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Leadership grads produce video on school violence

Middle and high school students in Colorado Mountain College’s First Ascent Youth Leadership Academy graduated this month after learning important lessons in leadership themselves, and passing on lessons about school violence to others.

These eighth- and ninth-graders, selected from throughout CMC’s nine-county district, completed a 10-month program in leadership skills, from conflict resolution to consensus building.

This year’s class includes: Ashley Faber, Rifle Middle School; Jevon Boudreaux, Roaring Fork High School; Jenny Sanchez and Kyle Allen, Rifle Middle School; Leia Wommack, L.W. St. John Middle School; Justin Johnson, Carbondale Middle School; Janeth Niebla, Glenwood Springs High School; Kristina Walls, Eagle Valley Middle School; Harrison Gillis, Battle Mountain High School; Nicole Martin, Steamboat Springs Middle School.

The idea is to reach young people early in life and “plant the seeds” of future leaders, said Mariana Velasquez-Schmahl, alumni and annual fund specialist for the Colorado Mountain College Foundation, and the program’s creator.

“I always tell the story that I was raised a migrant, and my job is just to plant the seeds,” said Velasquez-Schmahl. “I truly believe that. So they can come to fruit. That’s my purpose.”

The students’ purpose is to learn a bit about leadership, and about themselves. This first group of 10 passed some of that knowledge on in a video they helped produce to take on school violence. In “Disarm,” the students combined their own thoughts on violence with those of high school counselors and community leaders.

They also interviewed a student paying the price for school violence by serving time in a youth detention program.

The video is designed to reach middle schoolers before they reach the sometimes-dangerous halls of high school.

“The past five, 10 years, there has been a lot of school violence,” First Ascent participant Jevon Boudreaux, of Carbondale, said in the video. “There was Columbine. Even in a small town like we have, we still worry about those kinds of things, and we still worry that we’re going to have to lock down our school because somebody’s crazed through our school with a gun.”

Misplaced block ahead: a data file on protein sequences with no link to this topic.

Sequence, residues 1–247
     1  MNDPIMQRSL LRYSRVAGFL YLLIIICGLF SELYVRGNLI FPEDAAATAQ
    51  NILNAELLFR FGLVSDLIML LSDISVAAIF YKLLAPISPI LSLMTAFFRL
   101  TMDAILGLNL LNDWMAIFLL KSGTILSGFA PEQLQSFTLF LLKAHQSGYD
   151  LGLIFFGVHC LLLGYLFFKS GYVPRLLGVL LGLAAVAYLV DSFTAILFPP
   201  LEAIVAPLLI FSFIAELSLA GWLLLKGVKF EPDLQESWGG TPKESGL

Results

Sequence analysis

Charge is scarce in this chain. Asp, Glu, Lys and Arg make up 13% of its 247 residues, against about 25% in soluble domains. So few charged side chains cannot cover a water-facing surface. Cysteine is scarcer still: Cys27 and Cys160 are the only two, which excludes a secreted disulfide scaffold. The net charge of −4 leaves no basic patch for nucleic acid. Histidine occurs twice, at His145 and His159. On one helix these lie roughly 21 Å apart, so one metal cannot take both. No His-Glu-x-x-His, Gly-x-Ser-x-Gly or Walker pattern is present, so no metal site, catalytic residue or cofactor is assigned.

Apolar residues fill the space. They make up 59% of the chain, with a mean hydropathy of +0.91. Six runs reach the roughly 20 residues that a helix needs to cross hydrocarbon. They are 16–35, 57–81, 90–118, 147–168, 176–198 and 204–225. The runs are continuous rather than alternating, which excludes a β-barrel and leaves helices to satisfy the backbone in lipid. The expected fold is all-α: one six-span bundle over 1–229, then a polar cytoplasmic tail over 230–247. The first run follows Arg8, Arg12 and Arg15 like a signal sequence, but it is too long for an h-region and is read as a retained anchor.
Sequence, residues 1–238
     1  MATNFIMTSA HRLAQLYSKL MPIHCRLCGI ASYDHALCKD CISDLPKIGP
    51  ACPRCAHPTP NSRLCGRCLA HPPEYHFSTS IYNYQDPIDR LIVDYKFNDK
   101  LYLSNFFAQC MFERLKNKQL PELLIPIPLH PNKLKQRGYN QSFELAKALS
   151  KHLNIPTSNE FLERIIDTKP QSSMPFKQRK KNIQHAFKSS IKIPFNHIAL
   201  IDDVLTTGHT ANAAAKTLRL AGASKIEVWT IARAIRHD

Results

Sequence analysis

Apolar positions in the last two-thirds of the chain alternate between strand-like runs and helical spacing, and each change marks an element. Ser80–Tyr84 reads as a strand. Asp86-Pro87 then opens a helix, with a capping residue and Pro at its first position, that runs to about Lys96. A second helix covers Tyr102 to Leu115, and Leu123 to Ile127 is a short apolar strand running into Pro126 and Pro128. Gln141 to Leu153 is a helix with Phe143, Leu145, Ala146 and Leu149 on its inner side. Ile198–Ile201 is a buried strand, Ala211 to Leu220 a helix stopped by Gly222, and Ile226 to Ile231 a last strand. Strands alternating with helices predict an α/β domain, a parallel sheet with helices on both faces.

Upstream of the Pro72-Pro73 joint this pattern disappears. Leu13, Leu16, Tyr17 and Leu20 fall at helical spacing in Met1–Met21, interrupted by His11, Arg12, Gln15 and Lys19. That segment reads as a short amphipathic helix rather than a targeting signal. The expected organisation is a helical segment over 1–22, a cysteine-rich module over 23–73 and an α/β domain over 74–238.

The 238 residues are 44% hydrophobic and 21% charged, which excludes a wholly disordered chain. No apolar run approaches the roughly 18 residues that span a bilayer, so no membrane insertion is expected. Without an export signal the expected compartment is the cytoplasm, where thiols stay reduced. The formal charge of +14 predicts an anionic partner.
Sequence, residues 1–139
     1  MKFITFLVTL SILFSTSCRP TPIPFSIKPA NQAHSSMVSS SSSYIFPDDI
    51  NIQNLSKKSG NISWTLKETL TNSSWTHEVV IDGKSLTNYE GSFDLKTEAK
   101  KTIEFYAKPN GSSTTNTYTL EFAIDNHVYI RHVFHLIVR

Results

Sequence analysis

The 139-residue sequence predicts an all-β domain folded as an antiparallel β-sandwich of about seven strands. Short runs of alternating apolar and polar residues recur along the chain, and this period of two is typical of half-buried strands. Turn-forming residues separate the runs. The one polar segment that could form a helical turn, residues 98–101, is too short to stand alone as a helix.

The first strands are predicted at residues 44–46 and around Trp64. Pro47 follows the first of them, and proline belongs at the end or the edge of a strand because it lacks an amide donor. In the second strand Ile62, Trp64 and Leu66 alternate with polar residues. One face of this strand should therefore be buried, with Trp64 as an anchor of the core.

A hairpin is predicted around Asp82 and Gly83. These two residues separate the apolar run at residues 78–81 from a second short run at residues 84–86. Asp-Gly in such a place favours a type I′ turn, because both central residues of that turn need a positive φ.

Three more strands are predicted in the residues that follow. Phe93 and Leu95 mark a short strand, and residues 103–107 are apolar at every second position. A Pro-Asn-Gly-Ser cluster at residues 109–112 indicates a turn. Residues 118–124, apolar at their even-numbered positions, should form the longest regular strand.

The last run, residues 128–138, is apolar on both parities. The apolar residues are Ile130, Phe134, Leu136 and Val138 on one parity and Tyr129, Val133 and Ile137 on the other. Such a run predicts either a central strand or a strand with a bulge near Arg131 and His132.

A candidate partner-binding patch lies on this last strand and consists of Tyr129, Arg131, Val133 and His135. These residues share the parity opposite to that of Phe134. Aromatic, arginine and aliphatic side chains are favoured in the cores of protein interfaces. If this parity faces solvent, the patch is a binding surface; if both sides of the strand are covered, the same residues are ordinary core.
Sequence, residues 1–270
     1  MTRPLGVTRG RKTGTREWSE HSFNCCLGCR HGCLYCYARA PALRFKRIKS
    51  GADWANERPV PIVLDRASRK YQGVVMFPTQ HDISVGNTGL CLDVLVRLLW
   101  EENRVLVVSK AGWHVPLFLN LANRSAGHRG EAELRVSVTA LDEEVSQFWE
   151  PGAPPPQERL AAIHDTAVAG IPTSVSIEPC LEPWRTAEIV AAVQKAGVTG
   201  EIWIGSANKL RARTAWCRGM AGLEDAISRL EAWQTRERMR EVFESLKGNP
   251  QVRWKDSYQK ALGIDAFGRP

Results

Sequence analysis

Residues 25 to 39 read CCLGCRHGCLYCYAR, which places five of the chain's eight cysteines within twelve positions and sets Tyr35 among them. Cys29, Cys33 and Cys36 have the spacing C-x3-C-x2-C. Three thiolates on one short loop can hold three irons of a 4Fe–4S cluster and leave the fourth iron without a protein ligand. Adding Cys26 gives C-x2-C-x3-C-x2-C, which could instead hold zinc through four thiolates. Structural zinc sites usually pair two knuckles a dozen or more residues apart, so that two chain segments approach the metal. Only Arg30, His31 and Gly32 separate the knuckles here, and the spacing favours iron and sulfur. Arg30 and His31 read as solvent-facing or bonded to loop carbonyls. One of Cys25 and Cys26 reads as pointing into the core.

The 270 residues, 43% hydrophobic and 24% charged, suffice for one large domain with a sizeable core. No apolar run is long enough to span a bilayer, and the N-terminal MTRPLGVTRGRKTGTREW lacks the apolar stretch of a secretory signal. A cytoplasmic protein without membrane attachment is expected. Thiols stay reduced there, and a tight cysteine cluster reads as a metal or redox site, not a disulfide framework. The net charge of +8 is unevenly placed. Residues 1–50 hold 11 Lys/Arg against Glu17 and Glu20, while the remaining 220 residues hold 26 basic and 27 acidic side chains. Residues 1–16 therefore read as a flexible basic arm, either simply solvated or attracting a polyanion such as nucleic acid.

The video is geared partly to students who might see friends act violently, or treat other kids unfairly. It’s also aimed “to reach out to the kids that are standing on the edge alone,” said Terry Glasenapp, a filmmaker and CMC staff member who worked alongside the students to create the 17-minute video.

“I think they were thrilled that basically their idea turned into something that’s going to help other kids,” Glasenapp said.

Students taking part in the First Ascent Youth Leadership Academy are as diverse as the communities and schools they come from.

Both Anglo and Latino, they have different ideas on what they hope to take away from the program. Some are aspiring student council members. Others, said Velasquez-Schmahl, are interested in starting community recycling programs, or resolving tough family issues.

“For me, it’s just students who say, `I want to learn more about leadership,'” she said.

The Academy’s in its first year, but it’s an extension of the 7-year-old First Ascent Youth Leadership Program. The five-day experiential residential program at Leadville’s Timberline campus brings together students to take part in physical activities like rock climbing, whitewater rafting, trekking and other activities meant to develop team building and leadership skills.

“What we saw was, after seven years of the summer program, students always asked for more,” Velasquez-Schmahl said. “They expressed they wanted to learn more about leadership.”

Funded by philanthropists John and Carrie Morgridge, Alpine Bank and The Charlson Foundation, the Academy gives a handful of students the opportunity to study leadership in depth and put those skills to use in monthly workshops.

“We all had to be good listeners, to hear other peoples’ ideas and help decide what would work best,” said participant Janeth Niebla, of Glenwood Springs, who delivered an address in English and Spanish at the May 18 graduation ceremony at CMC – Spring Valley.

Niebla said she learned a lot about her teammates, and herself, through the Academy.

“I learned to hear the proposals of others, have confidence in my own ideas and to find a way to put it all together for the best result,” she said.

“All this will be of lasting value. I will always remember the Academy with gratitude.”


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